We’re all running around doing our own thing. If you’re anything like me, you have a list of a thousand things in your head that you’re meaning to do, or get around to, or meant to do, and handing out cookies probably doesn’t even enter into the equation unless someone asks for some.

You may have to ask more than once. I’m sure when the man on the corner put out his sign the first car going by didn’t stop and hand him any cookies. He may have had to wait quite a while to get any cookies, and there’s a chance he might not have gotten any at all. But by asking, he greatly increased his odds.

You have to ask. Tell people what you want, and you increase, exponentially, your chances of receiving it.

Sunday, April 18, 2010

Killer Dogs Exonerated

After a somewhat thorough examination of the kitty corpse, we have come up with a new theory, based on the following evidence:
1. Indentation in ground where cat was laying.
2. Clean cuts into kitty's internal organs. When found, it was all just a little too clean, if you know what I mean.
3. Long claw-like gashes on kitty's side. The other side.
4. Position of kitty on ground as if dropped from high up and then splat, on its side.
5. Flatness of kitty when found on ground. (I noticed this at time of disposal but was too traumatized to think about it. Kitty was in full rigor by then.)
6. Lack of blood evidence on either dog. 
7. Lack of blood evidence anywhere in yard. 
8. Lack of any kind of injuries on dogs, which would occur if they had engaged in any sort of paw-to-paw combat with kitty.
9. Behavior of dogs prior to kitty disposal: circling and running around excitedly, but no pouncing on kitty.

Also, no kitty is dumb enough to get that close to dogs.

Conclusion reached by charming husband, who has more experience with these things than I do: poor unfortunate kitty kidnapped by eagle or some big bird, which have been sighted around here. Then poor kitty dropped by eagle. And splat. Eagle, or hawk or whatever, then did not want to engage dogs in order to regain control of by then very dead kitty.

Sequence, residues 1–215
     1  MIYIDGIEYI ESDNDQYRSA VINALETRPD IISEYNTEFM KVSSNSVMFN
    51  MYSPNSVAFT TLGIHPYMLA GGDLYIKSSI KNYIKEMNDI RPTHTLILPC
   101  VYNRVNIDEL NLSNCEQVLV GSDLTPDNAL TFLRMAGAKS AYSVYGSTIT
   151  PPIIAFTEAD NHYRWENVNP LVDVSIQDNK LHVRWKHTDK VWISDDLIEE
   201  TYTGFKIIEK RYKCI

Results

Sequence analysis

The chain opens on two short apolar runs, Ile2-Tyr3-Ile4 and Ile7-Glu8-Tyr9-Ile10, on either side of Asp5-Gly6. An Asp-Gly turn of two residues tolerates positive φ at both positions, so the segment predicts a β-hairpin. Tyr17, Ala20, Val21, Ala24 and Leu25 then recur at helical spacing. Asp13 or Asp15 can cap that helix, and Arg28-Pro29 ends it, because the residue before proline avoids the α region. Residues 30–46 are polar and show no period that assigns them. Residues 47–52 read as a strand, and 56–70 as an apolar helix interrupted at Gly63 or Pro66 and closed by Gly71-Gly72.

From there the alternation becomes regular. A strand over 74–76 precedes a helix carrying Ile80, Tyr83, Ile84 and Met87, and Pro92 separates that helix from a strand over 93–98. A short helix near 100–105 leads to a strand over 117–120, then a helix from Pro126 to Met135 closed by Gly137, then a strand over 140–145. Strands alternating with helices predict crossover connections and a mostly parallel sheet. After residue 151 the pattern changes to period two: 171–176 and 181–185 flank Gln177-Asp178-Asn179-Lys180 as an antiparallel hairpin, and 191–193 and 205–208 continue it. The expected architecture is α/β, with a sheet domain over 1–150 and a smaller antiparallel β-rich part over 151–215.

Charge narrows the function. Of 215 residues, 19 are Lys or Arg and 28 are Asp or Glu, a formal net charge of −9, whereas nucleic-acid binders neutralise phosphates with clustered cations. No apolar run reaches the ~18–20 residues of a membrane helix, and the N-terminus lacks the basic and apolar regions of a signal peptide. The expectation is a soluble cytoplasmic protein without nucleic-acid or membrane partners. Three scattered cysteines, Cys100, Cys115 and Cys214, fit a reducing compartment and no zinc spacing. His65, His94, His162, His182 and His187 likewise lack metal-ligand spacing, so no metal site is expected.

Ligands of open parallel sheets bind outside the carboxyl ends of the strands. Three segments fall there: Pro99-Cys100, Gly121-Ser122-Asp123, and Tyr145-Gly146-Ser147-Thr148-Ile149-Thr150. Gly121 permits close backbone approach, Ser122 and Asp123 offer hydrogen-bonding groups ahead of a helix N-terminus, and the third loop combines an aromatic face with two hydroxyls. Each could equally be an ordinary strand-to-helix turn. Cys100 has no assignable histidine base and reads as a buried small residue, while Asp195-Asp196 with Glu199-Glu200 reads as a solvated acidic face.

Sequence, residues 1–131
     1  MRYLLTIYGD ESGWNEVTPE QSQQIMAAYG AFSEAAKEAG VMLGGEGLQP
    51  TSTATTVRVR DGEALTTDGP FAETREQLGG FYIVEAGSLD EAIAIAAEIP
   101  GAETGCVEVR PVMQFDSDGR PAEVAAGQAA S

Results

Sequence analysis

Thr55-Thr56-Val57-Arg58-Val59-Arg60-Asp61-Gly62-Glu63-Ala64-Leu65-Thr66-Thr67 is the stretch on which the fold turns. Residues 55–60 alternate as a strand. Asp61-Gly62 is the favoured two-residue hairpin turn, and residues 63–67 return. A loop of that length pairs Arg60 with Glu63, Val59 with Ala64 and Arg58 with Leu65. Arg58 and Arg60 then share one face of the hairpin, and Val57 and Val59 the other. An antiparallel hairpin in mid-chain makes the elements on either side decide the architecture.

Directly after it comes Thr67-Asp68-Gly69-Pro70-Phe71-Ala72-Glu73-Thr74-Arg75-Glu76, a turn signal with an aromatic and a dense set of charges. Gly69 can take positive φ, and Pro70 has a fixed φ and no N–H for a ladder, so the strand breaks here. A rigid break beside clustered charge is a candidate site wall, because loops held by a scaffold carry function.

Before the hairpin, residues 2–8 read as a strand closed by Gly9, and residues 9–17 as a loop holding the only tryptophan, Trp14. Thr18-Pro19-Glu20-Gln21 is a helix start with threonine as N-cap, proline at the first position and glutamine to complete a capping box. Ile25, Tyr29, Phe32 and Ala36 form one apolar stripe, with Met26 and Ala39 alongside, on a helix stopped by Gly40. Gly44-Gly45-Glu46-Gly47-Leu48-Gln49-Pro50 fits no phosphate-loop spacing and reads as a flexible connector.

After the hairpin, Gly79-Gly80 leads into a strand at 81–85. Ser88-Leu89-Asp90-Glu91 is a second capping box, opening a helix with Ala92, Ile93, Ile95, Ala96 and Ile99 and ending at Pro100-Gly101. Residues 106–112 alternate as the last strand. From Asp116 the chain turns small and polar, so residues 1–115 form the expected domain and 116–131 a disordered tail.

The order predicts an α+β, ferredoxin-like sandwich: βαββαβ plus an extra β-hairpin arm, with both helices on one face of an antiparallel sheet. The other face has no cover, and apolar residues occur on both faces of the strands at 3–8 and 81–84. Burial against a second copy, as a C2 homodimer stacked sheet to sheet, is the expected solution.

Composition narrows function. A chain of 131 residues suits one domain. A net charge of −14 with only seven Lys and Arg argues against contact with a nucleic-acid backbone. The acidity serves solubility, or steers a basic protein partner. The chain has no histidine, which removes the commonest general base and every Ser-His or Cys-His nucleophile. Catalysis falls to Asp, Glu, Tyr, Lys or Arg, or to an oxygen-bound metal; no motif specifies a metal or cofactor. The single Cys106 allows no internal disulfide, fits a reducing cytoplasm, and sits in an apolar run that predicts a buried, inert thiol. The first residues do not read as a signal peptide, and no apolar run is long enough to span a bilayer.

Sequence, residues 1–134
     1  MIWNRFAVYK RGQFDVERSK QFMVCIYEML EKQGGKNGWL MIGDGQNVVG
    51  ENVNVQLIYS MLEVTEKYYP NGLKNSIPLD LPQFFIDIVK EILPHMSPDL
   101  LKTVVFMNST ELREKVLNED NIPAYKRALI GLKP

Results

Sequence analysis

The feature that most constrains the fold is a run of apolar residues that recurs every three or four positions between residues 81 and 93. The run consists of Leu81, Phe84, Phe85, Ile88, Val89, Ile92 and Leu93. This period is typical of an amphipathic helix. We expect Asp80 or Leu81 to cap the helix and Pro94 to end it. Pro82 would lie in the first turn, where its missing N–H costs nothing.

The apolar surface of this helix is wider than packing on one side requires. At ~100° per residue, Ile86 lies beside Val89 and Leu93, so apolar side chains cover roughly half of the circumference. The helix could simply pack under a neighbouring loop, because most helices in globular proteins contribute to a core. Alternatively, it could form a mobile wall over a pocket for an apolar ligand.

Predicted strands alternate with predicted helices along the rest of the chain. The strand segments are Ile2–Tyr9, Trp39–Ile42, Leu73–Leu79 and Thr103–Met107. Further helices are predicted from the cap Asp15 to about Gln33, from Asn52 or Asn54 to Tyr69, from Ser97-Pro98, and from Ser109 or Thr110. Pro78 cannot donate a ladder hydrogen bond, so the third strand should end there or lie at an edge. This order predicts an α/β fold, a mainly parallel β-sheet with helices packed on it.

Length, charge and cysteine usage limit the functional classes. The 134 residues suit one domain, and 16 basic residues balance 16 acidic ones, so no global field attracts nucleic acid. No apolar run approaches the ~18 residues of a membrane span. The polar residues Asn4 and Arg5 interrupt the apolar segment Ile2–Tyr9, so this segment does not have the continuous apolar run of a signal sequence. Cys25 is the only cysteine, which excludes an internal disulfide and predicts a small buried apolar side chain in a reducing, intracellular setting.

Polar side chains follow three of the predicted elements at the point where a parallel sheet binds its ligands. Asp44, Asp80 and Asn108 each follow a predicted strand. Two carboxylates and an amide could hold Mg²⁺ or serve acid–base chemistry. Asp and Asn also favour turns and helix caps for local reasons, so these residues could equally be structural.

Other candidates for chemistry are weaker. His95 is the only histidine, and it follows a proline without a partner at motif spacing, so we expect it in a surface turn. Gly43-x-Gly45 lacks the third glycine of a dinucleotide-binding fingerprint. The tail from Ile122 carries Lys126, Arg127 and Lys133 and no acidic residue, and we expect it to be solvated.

Honey and Ash have been exonerated of all charges.  

A collar was found on kitty, but not tags, so next of kin have not been notified. An APB has been put out for the unsub, but chances are slim that the true criminal will be found and convicted.

Saturday, April 17, 2010

Killer Dogs, A Love Story

This is not an amusing tale, so don’t laugh. This is a story of death and mayhem, and what happens when creatures venture into unknown territory. It’s also a tale of redemption and the struggle of the human spirit to survive in a world of chaos and destruction.

Or not.

Anyway. I live happily with one husband and two dogs. Last night charming husband was away for his one night a week in Seattle, and I was out late. Not late for some people, but late for me, who is never out much at all. I was at a fabulous birthday dinner, and met lots of wonderful people, and got to sit next to the birthday girl. It was a great evening.

Then I drove myself home. I was looking forward to getting home because I always look forward to getting home and it’d been a long day. This was especially true since I’d taken the day off and hadn’t done a lick of work. (What is a lick of work? I don’t even lick envelopes – I get the self-sealing kind so I don’t have to.) It was a nice night out and was, as it typically is at 10 pm, dark. It took just over an hour to get home.

The dogs, who had been left out in the back yard while I was gone, weren’t their usual barky selves when I pulled up. They know the sound of our vehicles, and the UPS truck, and bark enthusiastically when they hear any of them. The UPS driver doesn’t appreciate it much, but it’s not as if they jump over the fence and attack him or anything.